0:09:24 – (Maxine Minter): For sure. But I do think that a conversation I hear a lot of is like how VCs talk about risk and are open about the nature of the risks that they are taking. I think there is a lot of attempts and I know I’ve seen it in my own decision making behavior and attempts like false accuracy or false certainty to construct certainty around decision making that doesn’t exist. Just like being aware of and comfortable with the nature of the risk that you’re taking and trying to get more and more sophisticated in terms of understanding that risk. That’s actually one of the things that I’m really excited to profile here in this podcast, which is just that in theory, better information leads to better decision making and the goal here is to open source. In theory.

0:10:08 – (Maxine Minter): And the goal here is to open source why all of those additional information feeds that hopefully will help folks become better investors and be more thoughtful about the way that they’re investing. Learning more about liquidity, learning more about how it moves through different markets, why that matters at early stage, why that might matter for the exit profile of the businesses that you’re investing in.

0:10:30 – (Maxine Minter): There’s so many bits I’m so excited to dive into. I wish I could just sit here for the next four months and just have conversations with people, but unfortunately we have full time jobs.

0:10:38 – (Cheryl Mack): Wait, but that is what we’re doing. We will be having those conversations for the next however many months with whoever we want, hopefully with people who are come and chat with us about early stage investing. I think the key here is we’re targeting this not at founders, because I think there’s a lot of content out there for founders who want to learn about how VCs and investors think in general. And I’m sure you have as well. But I’ve done so many podcasts where the audience is founders and I’m talking about why I invest in what I invest, what I look for, the type of founders I’m profiling, the DD that I go through, like all of those things. And that’s super helpful for founders. But our goal here, I think there’s not a ton of content out there actually I can’t really think of much, particularly that’s focused in the Australian landscape. But our goal here is really to talk to those emerging investors, both emerging fund managers and early state angels and new angels who are thinking about investing.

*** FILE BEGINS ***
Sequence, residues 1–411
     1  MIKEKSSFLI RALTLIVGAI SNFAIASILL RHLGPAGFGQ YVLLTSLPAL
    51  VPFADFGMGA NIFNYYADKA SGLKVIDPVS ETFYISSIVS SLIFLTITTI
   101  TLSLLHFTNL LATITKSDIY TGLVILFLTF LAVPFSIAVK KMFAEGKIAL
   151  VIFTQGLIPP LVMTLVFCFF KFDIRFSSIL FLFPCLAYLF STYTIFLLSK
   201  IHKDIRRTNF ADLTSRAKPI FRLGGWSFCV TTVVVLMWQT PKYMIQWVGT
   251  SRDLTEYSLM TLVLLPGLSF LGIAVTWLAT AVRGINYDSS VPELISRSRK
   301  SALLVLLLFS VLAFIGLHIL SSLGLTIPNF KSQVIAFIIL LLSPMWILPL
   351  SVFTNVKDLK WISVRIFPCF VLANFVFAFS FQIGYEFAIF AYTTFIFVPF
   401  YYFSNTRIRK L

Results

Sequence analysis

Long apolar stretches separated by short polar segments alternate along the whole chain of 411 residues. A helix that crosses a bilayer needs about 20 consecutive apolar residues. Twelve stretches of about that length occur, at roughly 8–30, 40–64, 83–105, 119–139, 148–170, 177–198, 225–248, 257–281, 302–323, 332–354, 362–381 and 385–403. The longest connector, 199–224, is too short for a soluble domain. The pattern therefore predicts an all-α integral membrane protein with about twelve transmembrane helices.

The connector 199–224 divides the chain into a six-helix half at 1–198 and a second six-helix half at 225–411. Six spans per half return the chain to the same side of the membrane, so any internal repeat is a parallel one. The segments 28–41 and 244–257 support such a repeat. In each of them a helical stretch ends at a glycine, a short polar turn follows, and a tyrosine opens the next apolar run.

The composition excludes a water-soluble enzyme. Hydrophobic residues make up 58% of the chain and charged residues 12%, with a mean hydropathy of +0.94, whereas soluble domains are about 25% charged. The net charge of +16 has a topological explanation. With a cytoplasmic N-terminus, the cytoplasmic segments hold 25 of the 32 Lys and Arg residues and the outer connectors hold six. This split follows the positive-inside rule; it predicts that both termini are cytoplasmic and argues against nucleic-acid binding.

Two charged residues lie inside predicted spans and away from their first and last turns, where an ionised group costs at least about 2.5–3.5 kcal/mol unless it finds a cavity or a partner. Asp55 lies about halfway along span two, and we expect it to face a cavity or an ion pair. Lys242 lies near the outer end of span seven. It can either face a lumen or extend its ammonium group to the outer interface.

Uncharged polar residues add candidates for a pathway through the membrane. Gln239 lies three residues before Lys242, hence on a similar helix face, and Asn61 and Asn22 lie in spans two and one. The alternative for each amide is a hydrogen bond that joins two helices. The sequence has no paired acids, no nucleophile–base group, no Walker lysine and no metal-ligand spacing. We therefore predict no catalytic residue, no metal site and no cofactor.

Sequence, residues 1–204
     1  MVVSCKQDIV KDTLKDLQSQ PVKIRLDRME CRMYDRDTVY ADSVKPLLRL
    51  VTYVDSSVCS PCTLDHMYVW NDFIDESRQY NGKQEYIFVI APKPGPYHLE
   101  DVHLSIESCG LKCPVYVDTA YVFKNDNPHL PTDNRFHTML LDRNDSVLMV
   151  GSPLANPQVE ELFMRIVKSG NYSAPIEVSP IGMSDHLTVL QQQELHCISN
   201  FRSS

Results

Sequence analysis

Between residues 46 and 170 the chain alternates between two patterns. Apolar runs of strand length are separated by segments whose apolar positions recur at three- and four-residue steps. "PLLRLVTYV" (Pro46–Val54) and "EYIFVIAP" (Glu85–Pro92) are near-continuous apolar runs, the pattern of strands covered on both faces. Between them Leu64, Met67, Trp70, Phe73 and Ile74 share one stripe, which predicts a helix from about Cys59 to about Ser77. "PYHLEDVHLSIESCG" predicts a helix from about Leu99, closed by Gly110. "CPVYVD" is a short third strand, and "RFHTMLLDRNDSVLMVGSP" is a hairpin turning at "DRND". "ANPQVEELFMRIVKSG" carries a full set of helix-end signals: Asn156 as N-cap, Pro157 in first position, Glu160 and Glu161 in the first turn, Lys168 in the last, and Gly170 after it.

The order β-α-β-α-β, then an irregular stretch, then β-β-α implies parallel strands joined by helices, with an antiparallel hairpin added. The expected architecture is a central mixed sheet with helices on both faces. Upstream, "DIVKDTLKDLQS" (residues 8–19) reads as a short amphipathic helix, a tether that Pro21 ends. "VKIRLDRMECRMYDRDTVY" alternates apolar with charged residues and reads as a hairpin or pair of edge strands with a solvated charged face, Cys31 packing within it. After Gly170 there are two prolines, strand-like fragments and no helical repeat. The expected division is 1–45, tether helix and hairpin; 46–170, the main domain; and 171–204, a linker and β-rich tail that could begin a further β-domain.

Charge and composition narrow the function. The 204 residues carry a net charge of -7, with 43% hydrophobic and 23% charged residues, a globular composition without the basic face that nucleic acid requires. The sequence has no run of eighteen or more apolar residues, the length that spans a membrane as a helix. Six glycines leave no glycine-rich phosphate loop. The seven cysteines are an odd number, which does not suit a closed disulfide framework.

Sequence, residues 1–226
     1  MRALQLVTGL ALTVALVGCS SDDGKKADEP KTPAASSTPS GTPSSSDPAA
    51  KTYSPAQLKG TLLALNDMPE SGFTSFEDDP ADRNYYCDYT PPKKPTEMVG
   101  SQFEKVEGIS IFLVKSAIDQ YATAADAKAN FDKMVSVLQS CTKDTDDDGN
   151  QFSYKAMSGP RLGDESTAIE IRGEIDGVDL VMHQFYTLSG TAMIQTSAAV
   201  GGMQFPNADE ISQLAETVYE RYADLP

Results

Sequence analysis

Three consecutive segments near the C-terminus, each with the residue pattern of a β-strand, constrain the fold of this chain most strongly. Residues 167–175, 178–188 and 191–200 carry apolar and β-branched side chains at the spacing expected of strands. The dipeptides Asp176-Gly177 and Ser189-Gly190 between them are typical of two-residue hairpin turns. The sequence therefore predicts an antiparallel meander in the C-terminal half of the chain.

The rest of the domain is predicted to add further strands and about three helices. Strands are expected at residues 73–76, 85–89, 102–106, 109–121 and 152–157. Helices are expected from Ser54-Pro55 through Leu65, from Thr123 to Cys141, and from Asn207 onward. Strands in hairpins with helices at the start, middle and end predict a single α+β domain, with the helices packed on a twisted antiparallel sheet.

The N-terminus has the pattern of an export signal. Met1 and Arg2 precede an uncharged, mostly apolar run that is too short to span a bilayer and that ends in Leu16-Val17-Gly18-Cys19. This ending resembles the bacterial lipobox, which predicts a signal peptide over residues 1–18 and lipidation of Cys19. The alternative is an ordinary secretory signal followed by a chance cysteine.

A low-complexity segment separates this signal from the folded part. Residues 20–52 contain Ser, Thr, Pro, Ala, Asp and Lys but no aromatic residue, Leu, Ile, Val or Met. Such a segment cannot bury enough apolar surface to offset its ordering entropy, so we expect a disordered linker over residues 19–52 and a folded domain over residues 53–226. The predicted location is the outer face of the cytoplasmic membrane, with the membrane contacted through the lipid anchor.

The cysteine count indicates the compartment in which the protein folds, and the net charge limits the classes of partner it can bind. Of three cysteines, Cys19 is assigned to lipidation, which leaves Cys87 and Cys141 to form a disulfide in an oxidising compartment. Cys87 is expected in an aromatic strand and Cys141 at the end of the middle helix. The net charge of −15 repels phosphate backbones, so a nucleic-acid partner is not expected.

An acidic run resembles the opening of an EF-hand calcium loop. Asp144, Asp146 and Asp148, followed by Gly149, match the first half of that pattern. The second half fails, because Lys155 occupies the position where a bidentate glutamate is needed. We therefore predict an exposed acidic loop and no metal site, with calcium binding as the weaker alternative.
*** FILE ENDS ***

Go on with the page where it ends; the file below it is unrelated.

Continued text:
0:11:30 – (Cheryl Mack): Because when I started there was a couple of people I could go talk to, but there weren’t programs out there. And there are some amazing programs out there now, particularly for Australian investors, but overseas as well, there’s lots of education, but there isn’t really an Australian focused voice around providing content for those emerging investors. And I think that’s who we want to talk to and open it up. So I think we want to be super clear about that, that this isn’t necessarily for founders this time around. This is for people who want to learn and become angel investors or write their first checks or become fund managers.

0:12:02 – (Maxine Minter): Yeah, 100%. I will also say that this content is valuable as a founder. Right. I think what we’re talking about as investors and what you need to be excellent at as a founder is allocating capital, be they dollars or your hours or the other resources in your organization. We are talking about and exploring with different folks how best to make those decisions and how best to make those allocations so true. It’s not going to be like how to think about an effective go to market motion or how to work out what color the button should be.

0:12:38 – (Cheryl Mack): But I do how to get investor attention.